Fourteen Writing Tips
1. Strengthen your writing muscles by writing for an hour every day, without distractions and without stopping. Then, if your other work schedule permits, go to two hours, then three. If you have trouble sitting still that long, write for twenty minutes, get up and stretch/exercise/have a cup of coffee for five minutes only (set a timer), then do another twenty minutes. Repeat until you have your full time allotment of writing completed.2. Have a daily page quota for your writing time. Start with two pages, then go up from there.3. There is virtually no lateral movement between professions, although people often assume there is. They think, “I’ve already worked hard to become a doctor/lawyer/priest and now I want to write a book that will be published.” No matter how much education in other fields you have, take a couple of years of classes (at night, if need be, as I did) in whatever type of writing you want to do. If one class is not good, finish it anyway, then go to the next one. By doing all the assignments, you will again be strengthening your writing muscles. (If you are taking a writing class at a college or university, check out the instructors’ ratings at www.ratemyprofessor.com.)
4. Read extensively, especially in the field in which you want to be published. After you’ve read twenty books in your favorite genre, ask your friendly neighborhood bookstore owner or librarian for further suggestions. Chances are, these lovers of books will put volumes in your hands that are completely new to you.
5. When you find several books you really love, outline them. Doing lengthy outlines will help you see how an author has structured his or her work.
6. Write letters to your characters, and have them write back in their voice(s). Ask them what happened in the story; have them tell you.
7. When you finish a chapter, read it aloud. The ear will catch unclear passages that the eye may not.
8. Check out local writing groups, attend their conferences and classes, and join the one(s) that seem to fit your needs. These groups usually put on excellent conferences where you will be able to attend panels with experts in everything from the current state of publishing to the use of DNA evidence.
9. As obvious as this may sound, nevertheless, here it is: Learn the rules of grammar and spelling. Please don’t think an editor will clean up your work. He or she does not have time for that. If a work you hope to have commercially published contains grammatical or spelling errors, sad to say, it will be rejected.
10. Join one or more writers’ critique groups, where the writers are producing manuscripts like the one you want to have published. Be judicious in your choices. Attend several meetings of several groups before deciding which one(s) to join. Listen to the criticism offered on manuscripts. If the comments are all too positive, the writer will learn nothing. If the comments are all too negative, the same holds. When you listen to or read a manuscript in a group, ask yourself, “How would I critique this work?” Then see if the opinions from these readers agree with your own assessment. (Beware of groups where not everyone brings work to be critiqued. Excuse my amateur psychological assessment here, but it’s been my experience that people who never bring work, but only show up to critique, are usually quite negative. Could they be projecting their own inability to get their work done?)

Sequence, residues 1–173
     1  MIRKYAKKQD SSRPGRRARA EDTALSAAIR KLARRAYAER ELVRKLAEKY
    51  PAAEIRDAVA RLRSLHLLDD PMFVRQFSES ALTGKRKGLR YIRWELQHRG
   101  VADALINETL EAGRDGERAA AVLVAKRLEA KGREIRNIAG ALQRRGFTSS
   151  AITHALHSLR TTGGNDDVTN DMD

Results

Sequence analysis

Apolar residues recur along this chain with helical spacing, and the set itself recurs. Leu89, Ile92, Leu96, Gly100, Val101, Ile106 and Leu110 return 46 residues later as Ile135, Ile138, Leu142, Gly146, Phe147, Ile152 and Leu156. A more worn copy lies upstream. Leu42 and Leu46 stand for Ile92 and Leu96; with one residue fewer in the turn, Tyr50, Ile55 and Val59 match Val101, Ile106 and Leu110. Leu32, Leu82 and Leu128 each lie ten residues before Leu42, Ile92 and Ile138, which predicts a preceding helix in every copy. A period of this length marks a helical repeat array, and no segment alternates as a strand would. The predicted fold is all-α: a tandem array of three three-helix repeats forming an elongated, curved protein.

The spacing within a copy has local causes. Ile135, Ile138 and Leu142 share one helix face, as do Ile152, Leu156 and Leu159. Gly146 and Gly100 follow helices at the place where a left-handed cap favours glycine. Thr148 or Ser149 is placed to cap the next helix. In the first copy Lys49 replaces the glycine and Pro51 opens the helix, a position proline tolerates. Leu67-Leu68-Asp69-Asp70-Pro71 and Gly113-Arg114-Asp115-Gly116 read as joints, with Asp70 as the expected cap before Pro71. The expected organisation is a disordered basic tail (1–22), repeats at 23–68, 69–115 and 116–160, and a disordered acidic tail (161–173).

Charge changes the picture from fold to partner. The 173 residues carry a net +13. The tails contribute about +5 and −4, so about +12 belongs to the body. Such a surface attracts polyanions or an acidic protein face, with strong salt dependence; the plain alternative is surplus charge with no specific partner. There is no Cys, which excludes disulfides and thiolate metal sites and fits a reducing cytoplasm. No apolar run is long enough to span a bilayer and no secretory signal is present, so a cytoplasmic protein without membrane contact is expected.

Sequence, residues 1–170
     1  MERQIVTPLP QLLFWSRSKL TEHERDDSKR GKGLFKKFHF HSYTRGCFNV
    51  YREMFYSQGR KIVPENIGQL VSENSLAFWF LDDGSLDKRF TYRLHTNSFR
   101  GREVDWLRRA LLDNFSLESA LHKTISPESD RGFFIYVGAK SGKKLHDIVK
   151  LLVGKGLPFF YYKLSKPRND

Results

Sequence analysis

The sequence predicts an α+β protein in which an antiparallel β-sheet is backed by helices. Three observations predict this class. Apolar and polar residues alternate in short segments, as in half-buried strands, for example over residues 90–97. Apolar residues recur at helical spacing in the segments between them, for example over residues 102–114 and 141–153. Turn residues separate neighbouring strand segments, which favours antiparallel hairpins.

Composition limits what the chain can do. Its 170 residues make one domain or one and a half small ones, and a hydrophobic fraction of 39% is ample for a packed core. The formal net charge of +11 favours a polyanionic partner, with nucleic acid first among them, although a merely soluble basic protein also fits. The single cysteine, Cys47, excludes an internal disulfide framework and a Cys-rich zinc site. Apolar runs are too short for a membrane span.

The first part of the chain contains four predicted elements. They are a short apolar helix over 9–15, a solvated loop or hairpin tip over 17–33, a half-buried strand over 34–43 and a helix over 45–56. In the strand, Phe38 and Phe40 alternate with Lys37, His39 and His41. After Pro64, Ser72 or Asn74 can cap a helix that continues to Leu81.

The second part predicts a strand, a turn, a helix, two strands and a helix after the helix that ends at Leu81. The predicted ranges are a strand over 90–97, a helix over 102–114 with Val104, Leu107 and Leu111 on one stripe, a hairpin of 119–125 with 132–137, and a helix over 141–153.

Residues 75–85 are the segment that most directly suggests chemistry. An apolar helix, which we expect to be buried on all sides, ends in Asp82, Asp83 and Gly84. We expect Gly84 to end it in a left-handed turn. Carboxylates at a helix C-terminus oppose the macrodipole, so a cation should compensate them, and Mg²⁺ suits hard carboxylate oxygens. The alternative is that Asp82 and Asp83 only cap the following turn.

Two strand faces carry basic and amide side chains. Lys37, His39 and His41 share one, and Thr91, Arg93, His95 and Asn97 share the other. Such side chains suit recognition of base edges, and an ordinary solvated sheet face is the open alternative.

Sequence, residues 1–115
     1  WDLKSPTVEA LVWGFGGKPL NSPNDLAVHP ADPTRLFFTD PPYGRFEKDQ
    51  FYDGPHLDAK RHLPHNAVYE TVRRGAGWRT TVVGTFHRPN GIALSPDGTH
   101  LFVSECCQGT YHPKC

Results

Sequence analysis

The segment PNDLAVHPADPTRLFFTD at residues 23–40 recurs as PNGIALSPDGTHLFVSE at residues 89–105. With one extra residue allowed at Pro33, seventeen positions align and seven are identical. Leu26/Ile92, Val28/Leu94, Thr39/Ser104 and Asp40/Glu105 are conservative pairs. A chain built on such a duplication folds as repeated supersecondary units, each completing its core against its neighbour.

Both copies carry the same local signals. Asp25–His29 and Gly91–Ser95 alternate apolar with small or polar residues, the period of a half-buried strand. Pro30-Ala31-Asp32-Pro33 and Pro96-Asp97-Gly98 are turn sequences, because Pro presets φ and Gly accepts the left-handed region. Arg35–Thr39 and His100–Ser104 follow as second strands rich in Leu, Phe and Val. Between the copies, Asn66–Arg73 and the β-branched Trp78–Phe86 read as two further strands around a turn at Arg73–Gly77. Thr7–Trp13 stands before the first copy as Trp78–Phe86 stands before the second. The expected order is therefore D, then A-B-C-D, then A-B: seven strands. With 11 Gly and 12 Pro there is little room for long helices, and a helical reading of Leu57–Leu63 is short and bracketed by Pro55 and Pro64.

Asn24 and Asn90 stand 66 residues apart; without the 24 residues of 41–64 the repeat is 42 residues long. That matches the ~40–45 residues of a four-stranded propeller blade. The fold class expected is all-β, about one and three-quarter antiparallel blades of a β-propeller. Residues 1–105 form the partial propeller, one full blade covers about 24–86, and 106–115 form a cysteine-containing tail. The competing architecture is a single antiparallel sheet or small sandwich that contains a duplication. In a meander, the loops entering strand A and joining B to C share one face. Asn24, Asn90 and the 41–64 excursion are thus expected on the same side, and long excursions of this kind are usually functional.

11. Once your novel or nonfiction book) is written, thoroughly critiqued, and then rewritten, you can think about marketing it. First, though, figure out where your book fits in the current market. For example, if you are writing a mystery novel featuring Native Americans, you could say, “This is Tony Hillerman in Colorado.” This helps an agent see you’ve done your homework.
12. Bear in mind that the paradigm for making money from your writing is changing rapidly. The old paradigm is this: A writer finishes his or her novel, then pitches it to an agent, who decides whether the book is right for the agency, and whether he or she can sell it. The agent then takes the author on and sells the work (you hope!) to a major publishing house, keeping a percentage of whatever money the agent is able to secure. The new paradigm is self-publication, usually online. For advice on this latter, I recommend an excellent website run by JA Konrath: A Newbie’s Guide to Self-Publishing. (Search for it on Google if it does not come up right away.)
13. If you decide to try the old paradigm, bear in mind that pitching your book in person at a conference is vastly superior to sending it to an agency by mail or email. Well before the conference, you will need to make an appointment with the agent(s) who handle the type of work you are trying to sell. (Advance research on the agents attending will save you and them time.) You will probably get five or ten minutes with an agent at a conference; a manuscript may get as little as ten seconds of consideration from a college student working for the agent.
14. Keep your chin up! There is lots of negativity in the writing and publishing world, most of which you need to ignore, or you’ll never get your work done. When members of your critique group or class compliment your work, write those comments on a separate piece of paper. Review as necessary (“I loved these characters!”) when you begin your work each day. Having a positive attitude will help keep you going. Good luck!
Diane Mott Davidson is the New York Times bestselling author of sixteen novels featuring caterer and sleuth extraordinaire Goldy Schulz. Her latest novel entitled THE WHOLE ENCHILADA (William Morrow Hardcover; $26.99) is on-sale August 27. To learn more, please visit: http://www.harpercollins.com/authors/25347/Diane_Mott_Davidson/index.aspx